Home schooling: in lockdown and beyond….could this lead to parental conflicts on the subject of education
For many parents home schooling is something which has been forced upon them during the current Covid- 19 pandemic causing a few more grey hairs and a new-found respect for teachers. However, for some parents it may be that it has opened their eyes to the advantages offered by home schooling and it may be something which they wish to continue once schools re-open.
Home schooling can allow flexibility, more attention to the individual child, the chance to tailor education to a child’s strengths and weaknesses and it can help children avoid peer pressure.
Even before the pandemic home schooling was on the rise with an estimated 50-60,000 children being home schooled.
What if I want to home school and the other parent disagrees?
Changing a child’s educational arrangements is not something which legally requires the consent of everybody with parental responsibility in the same way, for example, changing a surname does.
However, as a general principle, it is usually something on which you should be consulting the other parent.
If you would like to continue home schooling your child beyond “lock down” then you will need to give some serious thought to your plan and how you are going to comply with government requirements. Some details of those are found here.
Ultimately, if you cannot agree with your co- parent whether or not home schooling is appropriate then it may be that you need to make an application to court to determine the issue or consider an alternative route to resolving the matter such as mediation or arbitration.
The determining fact will be what is in the child or children’s best interests and the court (and likely and alternative dispute resolution (ADR) process) will determine this with reference to the welfare checklist as follows:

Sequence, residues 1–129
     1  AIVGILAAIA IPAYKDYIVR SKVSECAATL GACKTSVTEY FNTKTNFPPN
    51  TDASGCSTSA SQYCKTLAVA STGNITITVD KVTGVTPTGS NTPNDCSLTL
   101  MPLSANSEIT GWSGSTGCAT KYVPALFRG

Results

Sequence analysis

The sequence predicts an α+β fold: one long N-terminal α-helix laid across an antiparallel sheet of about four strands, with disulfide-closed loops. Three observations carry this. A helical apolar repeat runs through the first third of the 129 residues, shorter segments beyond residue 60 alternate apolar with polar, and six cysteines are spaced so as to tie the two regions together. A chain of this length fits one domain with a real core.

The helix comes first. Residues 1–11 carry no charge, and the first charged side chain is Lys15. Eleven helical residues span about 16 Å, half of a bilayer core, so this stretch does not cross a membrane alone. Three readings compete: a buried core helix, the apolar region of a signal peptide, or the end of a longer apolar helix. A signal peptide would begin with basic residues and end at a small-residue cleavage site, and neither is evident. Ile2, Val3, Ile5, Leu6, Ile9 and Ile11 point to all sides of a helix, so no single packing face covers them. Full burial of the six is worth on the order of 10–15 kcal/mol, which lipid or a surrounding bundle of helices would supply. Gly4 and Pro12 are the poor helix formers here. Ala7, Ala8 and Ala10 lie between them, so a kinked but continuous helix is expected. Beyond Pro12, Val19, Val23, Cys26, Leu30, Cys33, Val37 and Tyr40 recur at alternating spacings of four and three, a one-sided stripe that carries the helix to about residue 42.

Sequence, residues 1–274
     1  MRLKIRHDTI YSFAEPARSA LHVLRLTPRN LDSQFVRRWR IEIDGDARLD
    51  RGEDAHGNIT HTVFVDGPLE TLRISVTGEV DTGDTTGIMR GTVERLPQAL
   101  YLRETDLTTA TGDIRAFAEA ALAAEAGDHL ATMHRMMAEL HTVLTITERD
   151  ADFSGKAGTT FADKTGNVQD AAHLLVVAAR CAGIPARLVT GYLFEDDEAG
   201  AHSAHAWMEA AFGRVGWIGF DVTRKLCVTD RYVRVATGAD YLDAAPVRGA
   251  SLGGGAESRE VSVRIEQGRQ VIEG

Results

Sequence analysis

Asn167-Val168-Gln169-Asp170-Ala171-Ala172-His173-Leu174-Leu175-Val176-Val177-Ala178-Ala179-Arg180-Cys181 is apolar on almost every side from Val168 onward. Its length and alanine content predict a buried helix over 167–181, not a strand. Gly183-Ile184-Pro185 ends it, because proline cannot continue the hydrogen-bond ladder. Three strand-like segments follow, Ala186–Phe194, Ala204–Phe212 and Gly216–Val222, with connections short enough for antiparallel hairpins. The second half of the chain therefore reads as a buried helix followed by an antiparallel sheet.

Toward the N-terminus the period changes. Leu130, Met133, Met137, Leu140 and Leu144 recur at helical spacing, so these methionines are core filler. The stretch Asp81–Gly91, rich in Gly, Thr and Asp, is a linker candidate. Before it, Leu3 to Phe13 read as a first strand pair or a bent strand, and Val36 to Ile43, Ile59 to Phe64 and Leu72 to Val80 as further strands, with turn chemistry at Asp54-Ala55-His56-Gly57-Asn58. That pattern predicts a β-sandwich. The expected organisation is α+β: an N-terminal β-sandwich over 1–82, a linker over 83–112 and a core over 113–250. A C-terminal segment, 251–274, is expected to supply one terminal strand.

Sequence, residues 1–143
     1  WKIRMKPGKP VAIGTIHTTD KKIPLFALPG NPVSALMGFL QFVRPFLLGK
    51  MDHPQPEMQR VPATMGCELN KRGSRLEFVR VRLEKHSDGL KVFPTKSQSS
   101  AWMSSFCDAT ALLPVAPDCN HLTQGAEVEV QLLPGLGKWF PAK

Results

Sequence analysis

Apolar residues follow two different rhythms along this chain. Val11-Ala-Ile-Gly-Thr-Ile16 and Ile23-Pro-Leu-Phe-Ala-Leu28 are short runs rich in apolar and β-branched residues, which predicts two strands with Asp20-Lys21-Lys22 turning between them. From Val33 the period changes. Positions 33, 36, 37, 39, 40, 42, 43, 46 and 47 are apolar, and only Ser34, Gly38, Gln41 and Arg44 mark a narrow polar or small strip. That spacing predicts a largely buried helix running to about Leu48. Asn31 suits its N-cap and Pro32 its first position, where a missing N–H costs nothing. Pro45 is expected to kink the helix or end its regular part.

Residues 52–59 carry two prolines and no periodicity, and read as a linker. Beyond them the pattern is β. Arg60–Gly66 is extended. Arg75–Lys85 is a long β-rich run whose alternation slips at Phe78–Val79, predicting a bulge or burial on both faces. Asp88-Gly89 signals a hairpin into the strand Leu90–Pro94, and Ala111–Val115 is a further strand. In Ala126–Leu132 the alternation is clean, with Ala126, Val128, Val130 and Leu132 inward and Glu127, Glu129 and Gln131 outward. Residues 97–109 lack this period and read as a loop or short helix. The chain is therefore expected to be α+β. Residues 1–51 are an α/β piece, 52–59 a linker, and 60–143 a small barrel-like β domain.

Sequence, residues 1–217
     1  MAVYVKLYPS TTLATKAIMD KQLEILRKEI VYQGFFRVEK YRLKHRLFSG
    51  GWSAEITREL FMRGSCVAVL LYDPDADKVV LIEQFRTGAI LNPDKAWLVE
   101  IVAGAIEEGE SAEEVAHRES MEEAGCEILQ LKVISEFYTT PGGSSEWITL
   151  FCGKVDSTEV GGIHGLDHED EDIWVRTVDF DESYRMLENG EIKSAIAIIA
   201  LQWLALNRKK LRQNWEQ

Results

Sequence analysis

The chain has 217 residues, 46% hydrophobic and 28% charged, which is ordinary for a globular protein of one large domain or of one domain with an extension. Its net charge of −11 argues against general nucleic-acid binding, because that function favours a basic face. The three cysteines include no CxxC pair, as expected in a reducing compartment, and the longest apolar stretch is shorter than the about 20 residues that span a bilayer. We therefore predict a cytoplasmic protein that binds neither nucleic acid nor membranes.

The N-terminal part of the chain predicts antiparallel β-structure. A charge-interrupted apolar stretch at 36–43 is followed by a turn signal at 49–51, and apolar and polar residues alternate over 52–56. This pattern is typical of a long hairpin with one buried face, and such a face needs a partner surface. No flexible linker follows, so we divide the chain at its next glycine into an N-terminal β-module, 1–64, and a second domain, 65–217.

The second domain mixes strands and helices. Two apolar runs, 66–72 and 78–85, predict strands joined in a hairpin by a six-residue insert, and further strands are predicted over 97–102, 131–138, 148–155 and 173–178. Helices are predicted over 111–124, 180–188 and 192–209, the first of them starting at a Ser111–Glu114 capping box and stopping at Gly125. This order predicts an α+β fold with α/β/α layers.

(a) the ascertainable wishes and feelings of the child concerned (considered in the light of his age and understanding);
(b) their physical, emotional and educational needs;
(c) the likely effect on them of any change in his circumstances;
(d) their age, sex, background and any characteristics of his which the court considers relevant;
(e) any harm which they have suffered or are at risk of suffering;
(f) how capable each of their parents, and any other person in relation to whom the court considers the question to be relevant, is of meeting their needs; and
(g) the range of powers available to the court under this Act in the proceedings in question
As part of the process you will need to demonstrate why you believe home schooling is the best option (or not) and your case will need to be well prepared. It might be that you child or children are also spoken to in order to determine their view. This is not determinative but the older they are the more weight it is likely to carry.
If you are planning on making in important change in your child’s life, such as home schooling, or if you discover your co-parent is planning this you should seek specialist independent advice as soon as possible.